Advice from a college administrator and one-time middle schooler: Jay, I like and support your list of things to assist middle schoolers, with some amendments: 3. Not every eighth grader is mentally-developed enough to take algebra. I was one of those high IQ, high test-scoring kids who was thrown into algebra that year. When I just wasn't able to grasp the concepts, I went from being one of the lauded bright kids to the class dummy, permanently damaging my self esteem. What I'd recommend instead is my own number 9. Introduce your child to all sorts of fields, such as economics, geography, logic or philosophy, so that when these electives are offered in high school their interest is piqued and they can be encouraged to take such classes. Every year I see hundreds of college freshmen enter the student ranks with no grounding in the subjects that make them think for themselves. I'm not denying that math is important, but students would help themselves and make better use of their time at college if they didn't rely on their limited (and expensive) time studying intro courses half the time and instead had the background to jump into the "meaty" stuff available to them at the college level.

Jay Mathews: shunted aside even from 9th grade algebra, did well. The data I have seen suggest this is more of a teaching problem than a developmental problem. We are not teaching math in the earlier grades in a way that will prepare many kids who need more help for algebra in 8th grade. But if we changed the way we teach math in those grades, many more would be ready. Google the civil rights leader Robert Moses, and see what he has been doing for several decades to get more kids ready for algebra.

_______________________

College starts in kindergarten: Many parents may start in middle school but in reality it starts so early. It's the trips to the library, the books in the homes, access to newspapers and magazines, in the DC area the many FREE things that exist, the parents' attitude towards the importance of education, stable home environment.

Jay Mathews: I could not have said it better. Thank you.

_______________________

College visits : I strongly agree with the suggestion of fitting college visits in with younger kids. I took my son to Williamsburg when he was about 13, and we toured William and Mary. I clearly remember him looking at the information about the school, seeing the average SAT scores and GPAs and then asking "Is that good?" Well before high school we had started the conversation about what it took to get into a school. He had an idea of what he needed to shoot for.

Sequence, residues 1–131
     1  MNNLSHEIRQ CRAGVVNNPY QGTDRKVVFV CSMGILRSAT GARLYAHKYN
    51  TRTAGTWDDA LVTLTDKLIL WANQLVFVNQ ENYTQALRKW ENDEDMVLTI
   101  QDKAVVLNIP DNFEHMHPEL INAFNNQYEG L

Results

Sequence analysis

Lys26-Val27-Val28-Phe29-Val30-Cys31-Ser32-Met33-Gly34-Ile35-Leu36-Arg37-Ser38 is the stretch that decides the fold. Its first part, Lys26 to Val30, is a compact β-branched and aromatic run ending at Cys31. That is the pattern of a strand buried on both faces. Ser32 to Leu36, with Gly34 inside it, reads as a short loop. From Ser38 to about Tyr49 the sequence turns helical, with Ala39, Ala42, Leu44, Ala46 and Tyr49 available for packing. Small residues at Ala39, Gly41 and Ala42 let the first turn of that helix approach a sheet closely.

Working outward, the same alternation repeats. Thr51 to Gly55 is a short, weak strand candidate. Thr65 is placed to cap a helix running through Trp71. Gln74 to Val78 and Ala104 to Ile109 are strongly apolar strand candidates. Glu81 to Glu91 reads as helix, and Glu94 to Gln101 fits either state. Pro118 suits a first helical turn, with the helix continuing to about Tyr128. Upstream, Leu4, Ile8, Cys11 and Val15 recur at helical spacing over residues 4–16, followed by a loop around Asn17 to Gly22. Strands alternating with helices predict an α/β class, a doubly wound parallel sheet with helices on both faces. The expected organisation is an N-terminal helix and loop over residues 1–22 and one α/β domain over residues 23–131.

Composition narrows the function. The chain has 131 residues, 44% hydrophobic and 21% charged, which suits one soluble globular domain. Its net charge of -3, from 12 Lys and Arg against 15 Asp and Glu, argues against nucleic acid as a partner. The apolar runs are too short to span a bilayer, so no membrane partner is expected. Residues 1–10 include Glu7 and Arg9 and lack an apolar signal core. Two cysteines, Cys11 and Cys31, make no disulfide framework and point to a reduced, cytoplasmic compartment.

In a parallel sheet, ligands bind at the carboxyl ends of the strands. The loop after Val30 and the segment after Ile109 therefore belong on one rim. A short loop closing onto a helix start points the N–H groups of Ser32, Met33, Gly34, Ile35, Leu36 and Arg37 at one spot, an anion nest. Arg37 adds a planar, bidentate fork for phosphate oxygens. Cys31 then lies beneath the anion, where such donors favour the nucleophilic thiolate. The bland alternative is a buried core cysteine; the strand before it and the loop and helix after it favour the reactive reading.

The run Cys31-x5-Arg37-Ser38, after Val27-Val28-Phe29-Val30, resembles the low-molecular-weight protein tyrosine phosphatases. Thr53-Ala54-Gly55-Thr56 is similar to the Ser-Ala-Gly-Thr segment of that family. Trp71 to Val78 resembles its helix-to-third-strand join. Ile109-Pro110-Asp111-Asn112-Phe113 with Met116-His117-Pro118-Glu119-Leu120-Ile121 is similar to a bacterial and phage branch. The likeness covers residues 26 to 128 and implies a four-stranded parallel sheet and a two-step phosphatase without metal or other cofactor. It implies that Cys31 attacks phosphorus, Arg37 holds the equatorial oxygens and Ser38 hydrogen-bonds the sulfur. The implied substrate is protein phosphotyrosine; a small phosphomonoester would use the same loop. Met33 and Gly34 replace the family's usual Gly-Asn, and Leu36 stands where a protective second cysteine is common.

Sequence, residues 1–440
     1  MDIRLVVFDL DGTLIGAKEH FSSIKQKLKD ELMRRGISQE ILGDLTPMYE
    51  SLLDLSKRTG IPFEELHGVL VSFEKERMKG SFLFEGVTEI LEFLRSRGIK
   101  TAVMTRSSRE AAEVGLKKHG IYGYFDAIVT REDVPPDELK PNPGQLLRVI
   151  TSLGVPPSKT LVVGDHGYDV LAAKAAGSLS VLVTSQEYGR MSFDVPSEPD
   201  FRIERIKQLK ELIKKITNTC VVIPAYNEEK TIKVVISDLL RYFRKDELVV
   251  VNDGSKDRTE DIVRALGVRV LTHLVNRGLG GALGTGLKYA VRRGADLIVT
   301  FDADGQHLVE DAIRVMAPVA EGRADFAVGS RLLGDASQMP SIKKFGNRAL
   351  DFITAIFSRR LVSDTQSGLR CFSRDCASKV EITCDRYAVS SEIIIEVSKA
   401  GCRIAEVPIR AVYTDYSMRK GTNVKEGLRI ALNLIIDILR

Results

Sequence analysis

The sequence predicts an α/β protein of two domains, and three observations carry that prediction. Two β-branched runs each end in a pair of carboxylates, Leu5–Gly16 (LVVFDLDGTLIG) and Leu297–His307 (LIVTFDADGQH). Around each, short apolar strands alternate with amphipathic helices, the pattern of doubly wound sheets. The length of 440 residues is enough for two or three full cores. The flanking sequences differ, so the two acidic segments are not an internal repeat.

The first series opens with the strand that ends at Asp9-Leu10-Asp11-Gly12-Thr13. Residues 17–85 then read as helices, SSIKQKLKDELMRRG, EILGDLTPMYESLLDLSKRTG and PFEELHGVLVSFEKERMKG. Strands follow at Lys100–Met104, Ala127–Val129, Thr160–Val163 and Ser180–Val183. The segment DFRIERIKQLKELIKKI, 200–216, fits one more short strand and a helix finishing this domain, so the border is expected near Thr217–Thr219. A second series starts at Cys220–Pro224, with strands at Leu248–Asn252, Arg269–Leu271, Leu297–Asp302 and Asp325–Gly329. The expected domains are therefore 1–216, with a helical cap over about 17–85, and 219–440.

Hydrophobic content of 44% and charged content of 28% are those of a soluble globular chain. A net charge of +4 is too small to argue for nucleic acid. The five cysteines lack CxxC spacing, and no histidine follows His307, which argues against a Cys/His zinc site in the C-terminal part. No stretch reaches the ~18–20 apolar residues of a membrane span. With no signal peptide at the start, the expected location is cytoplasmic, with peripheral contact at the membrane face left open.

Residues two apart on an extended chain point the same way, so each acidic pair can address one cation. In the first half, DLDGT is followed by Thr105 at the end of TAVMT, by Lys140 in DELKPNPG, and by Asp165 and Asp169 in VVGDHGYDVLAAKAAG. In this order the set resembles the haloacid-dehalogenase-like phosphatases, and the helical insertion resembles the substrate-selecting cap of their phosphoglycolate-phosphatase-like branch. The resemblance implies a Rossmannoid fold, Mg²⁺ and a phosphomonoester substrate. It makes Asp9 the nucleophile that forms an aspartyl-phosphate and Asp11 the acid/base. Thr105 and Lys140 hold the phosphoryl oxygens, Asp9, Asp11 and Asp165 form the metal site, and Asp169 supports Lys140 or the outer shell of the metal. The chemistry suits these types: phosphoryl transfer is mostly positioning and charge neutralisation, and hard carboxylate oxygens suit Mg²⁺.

Jay Mathews: Exactly. I have often suggested that even high schoolers' first visits to college campuses should be casual and low-pressure. Don't take a clipboard and grill the faculty. Just walk around, listen, eat in the cafeteria, and have some fun. Save the careful vetting of everything there for AFTER the student gets in, and has to make a choice. A carefree attitude toward campus visits will also send the right message to younger children along for the ride---college can be an adventure, not a chore.

_______________________

too much college focus: After graduating college and living on my own for a few years, I began to think that my high school years had too much focus on college. I was in all of the honors and advanced placement classes that I could take. I was involved in a few school clubs, but I never took any type of art class. All of my electives were science related. Outside of school, my part time job was a high priority if I wanted to have enough money to pay for school. My parents would pay some money, but not all of it. I remember missing out on home coming and other school events so I could work and earn money. You could say it worked since I went to college and got both my BS and MS degrees without needing a student loan, but I feel like I missed out on part of my childhood. I also feel like I missed out on the chance to take art, drawing and photography classes. There has to be a way to prepare for college without giving up on such opportunities.

Jay Mathews: a chance to explore your interest in art, that would have made you even more interesting to them. Remember number one in my list of ways for parents to help: notice what your kids like to do that seems to be healthy and engaging, and help them do more of it.

_______________________

gap year: My tenth grader wants a gap year. I'm all for it. (It was my idea.) She is already burned out on AP classes and sports. The formal organizations that offer gap or bridge year programs are pricey and seem like vacations. I was thinking she would bank some $$, maybe do a long service project and go surf. Is gap really synonymous with rich teens out and about?

Jay Mathews: Sadly, it usually is. But it is a good idea. It seemed to me I just read something smart about this, on how to avoid the preprogrammed plans and get the kind of experience that is best for your child. Google gap year and see what comes up. There are many smart people who have written about this. I include a chapter on that in Harvard Schmarvard. I think if the activity is engaging and fulfilling to the student, and does not encourage bad habits like sleeping all day, it is worth a try. Even a job at the mall might qualify. Go with what makes sense to you.

_______________________